And lawmakers seemed in no mood to sacrifice programs altogether. Mr. Bush had proffered a long list of programs to zero out, such as rural education, dropout prevention, and alcohol-abuse reduction. Not only did Congress ignore that list, it increased the programs' funding in some cases.
For instance, the rural education account rose from $163 million to $169 million, not including the across-the-board cut.
"The president's budget from a year ago and his [fiscal 2004] budget ... proposed to eliminate funding for a fairly large number of programs," said Joel Packer, a senior lobbyist for the National Education Association. "And this bill now, prepared by Republicans, basically rejects those eliminations."
On the flip side, Congress flatly turned down Mr. Bush's request for a $50 million demonstration program for both public and private school choice.
Splitting the Difference
It's been an unusual ride for the budget over the past year. In the Senate, lawmakers bundled 11 of the federal government's 13 spending bills into one package, then approved it in January.
Meanwhile, the House didn't get that far. It approved five separate spending bills last year, but never approved the remaining eight, including the one that pays for the Department of Education. And it did not approve its own version of the omnibus package before negotiating with the Senate.
Instead, Chairman Young simply introduced a bill, which became the House starting point.
On the Senate side, education saw a big leap during the January floor debate. Perhaps the most unusual twist came with an amendment offered by Sen. Judd Gregg, R-N.H., the chairman of the education committee.
It added $5 billion for education, but with two catches. First, it imposed an across-the-board cut to all programs in the broad-based bill. Second, the money was in the form of block grants to school districts that could be spent on any number of education initiatives.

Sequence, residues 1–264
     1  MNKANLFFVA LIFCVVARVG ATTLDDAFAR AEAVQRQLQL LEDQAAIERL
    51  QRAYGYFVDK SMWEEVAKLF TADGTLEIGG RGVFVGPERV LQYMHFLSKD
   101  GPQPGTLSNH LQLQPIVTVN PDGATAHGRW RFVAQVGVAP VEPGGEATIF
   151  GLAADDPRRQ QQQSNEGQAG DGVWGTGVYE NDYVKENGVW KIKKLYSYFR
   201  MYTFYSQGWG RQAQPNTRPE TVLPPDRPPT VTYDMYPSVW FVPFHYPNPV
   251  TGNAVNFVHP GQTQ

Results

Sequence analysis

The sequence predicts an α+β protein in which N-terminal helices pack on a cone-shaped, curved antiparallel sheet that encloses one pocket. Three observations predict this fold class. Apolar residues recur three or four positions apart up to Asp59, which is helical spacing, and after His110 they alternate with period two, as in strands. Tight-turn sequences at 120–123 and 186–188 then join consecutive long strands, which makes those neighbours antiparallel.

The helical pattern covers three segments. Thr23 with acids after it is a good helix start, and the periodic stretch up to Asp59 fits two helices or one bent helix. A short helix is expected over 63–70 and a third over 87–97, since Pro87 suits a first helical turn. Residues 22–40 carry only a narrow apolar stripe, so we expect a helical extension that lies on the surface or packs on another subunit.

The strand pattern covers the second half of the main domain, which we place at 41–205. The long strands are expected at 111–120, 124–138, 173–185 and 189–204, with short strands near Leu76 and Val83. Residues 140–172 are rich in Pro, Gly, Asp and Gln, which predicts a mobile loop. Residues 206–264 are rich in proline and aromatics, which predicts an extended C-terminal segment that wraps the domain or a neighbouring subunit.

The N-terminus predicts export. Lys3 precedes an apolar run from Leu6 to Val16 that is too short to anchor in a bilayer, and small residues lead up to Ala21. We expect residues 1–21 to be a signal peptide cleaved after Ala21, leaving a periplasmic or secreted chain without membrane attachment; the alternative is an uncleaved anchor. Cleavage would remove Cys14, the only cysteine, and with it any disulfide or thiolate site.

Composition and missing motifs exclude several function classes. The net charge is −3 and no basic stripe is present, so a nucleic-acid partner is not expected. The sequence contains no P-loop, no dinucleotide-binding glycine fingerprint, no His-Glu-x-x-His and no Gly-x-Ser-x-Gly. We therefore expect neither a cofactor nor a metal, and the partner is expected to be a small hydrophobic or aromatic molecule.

Senators entered the conference committee with a $56.6 billion budget for education. The president had wanted $50.3 billion, a level backed by House GOP leaders. In the end, the lawmakers more or less split the difference.
Also, they opted not to dedicate any money for the $5 billion "innovative programs" account of block grants Mr. Gregg had pushed.
Even so, Sen. Gregg praised the bill last week for providing "historic increases for education."
Mr. Packer of the NEA noted that the bill creates a bit of an awkward situation for President Bush in one regard: It effectively turns his new budget plan for fiscal 2004, unveiled Feb. 3, into a spending freeze for education.
The $53.1 billion total in discretionary spending is roughly the same as he hopes to spend in fiscal 2004, which begins Oct. 1 of this year.
Overall, the fiscal 2003 spending bill contains about $24 billion for programs authorized under the Elementary and Secondary Education Act. Excluding the across-the-board cut, other key items include: $1 billion for Reading First, $2.95 billion for teacher quality grants to states, and $1 billion for the 21st Century Community Learning Centers program.
The final budget also contains one ingredient the Bush administration has a special distaste for: so-called pork. While an exact count was not available at press time, the bill appeared to have plenty of "earmarks" for individual projects back in lawmakers' home districts and states.
Vol. 22, Issue 23, Pages 24,26